New York Senate OKs text messaging ban for drivers

| Friday, June 06, 2008

A bill halfway through the New York State Legislature would ban so-called “texting” while driving.

The state Senate voted to advance a bill to the Assembly that would make it illegal to type, read or send text messages while at the wheel.

The legislation has drawn a lot of attention in the state since five teenagers were killed in a head-on wreck this past summer near Rochester, NY. Police know text messages were sent and received on the 17-year-old driver’s cell phone moments before the SUV carrying five young women collided with a tractor-trailer, The Associated Press reported.

Sponsored by Sen. Carl Marcellino, R-Syosset, the bill would amend the state’s existing ban on using any cell phone that is not a “hands-free” device to also include text messaging.

If signed into law, violators would be fined $100 for texting – the same fine for violating the cell phone restriction.

Efforts to curb the practice of using electronic wireless devices, such as Blackberry-type devices, while driving have picked up steam across the country following the release of a Nationwide Mutual Insurance survey that found one in five drivers texting while driving. Nearly three-fourths of drivers use cell phones.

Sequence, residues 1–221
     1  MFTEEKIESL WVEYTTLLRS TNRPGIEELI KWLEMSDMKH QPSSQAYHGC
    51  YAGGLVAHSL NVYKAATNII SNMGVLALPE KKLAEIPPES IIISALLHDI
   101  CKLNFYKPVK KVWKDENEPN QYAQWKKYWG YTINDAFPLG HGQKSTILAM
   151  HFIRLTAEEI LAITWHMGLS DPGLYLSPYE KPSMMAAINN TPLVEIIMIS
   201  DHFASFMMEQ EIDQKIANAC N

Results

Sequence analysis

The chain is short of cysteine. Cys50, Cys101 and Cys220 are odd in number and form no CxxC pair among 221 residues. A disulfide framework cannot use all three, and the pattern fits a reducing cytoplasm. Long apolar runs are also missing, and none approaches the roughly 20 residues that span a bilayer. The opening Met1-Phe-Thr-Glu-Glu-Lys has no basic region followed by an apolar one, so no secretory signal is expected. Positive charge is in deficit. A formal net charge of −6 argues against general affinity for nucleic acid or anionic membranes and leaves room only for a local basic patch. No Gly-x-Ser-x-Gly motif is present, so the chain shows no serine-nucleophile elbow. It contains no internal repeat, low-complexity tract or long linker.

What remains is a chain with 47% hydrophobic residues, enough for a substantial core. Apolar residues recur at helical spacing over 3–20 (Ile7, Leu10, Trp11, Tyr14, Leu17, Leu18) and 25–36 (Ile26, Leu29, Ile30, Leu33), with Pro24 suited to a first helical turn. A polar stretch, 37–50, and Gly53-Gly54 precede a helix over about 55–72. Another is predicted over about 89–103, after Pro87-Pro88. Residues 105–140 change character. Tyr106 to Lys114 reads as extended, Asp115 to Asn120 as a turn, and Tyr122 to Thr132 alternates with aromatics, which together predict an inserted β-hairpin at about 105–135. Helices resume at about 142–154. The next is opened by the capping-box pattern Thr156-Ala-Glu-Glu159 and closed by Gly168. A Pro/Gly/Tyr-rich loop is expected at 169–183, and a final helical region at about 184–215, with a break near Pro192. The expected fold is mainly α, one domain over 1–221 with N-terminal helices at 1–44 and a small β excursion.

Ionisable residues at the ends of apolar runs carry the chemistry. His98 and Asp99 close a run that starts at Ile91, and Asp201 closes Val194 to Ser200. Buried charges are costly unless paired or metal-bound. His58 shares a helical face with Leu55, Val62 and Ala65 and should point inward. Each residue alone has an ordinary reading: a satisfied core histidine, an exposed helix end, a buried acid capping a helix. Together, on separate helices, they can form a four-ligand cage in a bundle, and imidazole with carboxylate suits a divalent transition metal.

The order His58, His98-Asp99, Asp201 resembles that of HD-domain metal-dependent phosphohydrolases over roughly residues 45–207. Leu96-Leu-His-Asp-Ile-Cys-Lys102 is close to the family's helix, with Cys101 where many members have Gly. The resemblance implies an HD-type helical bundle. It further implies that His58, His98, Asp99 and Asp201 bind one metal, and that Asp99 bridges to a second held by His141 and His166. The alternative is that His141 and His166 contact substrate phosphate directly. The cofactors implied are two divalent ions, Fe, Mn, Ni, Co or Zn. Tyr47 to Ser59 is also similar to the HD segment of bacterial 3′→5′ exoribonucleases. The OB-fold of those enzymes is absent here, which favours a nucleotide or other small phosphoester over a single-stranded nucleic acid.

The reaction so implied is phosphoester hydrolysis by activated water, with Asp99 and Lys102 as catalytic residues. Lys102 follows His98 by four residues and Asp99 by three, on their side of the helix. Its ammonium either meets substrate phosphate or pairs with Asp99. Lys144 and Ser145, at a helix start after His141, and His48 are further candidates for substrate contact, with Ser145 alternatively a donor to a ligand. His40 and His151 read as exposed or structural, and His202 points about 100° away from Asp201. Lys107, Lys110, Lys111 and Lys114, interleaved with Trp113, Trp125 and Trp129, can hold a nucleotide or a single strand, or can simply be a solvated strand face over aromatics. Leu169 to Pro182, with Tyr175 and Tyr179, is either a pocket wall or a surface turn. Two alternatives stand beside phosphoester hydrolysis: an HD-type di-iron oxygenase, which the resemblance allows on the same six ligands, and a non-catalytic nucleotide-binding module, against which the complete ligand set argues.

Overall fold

California, Connecticut, New York, New Jersey and Washington are the only states that have banned all drivers from using hand-held phones. The New Jersey and Washington state laws also prohibit text messaging. Minnesota recently approved its own ban on text messaging.

The New York bill – S3195 – to outlaw texting has moved to the Assembly Transportation Committee.

To view other legislative activities of interest for New York in 2008, click here.

– By Keith Goble, state legislative editor
keith_goble@landlinemag.com

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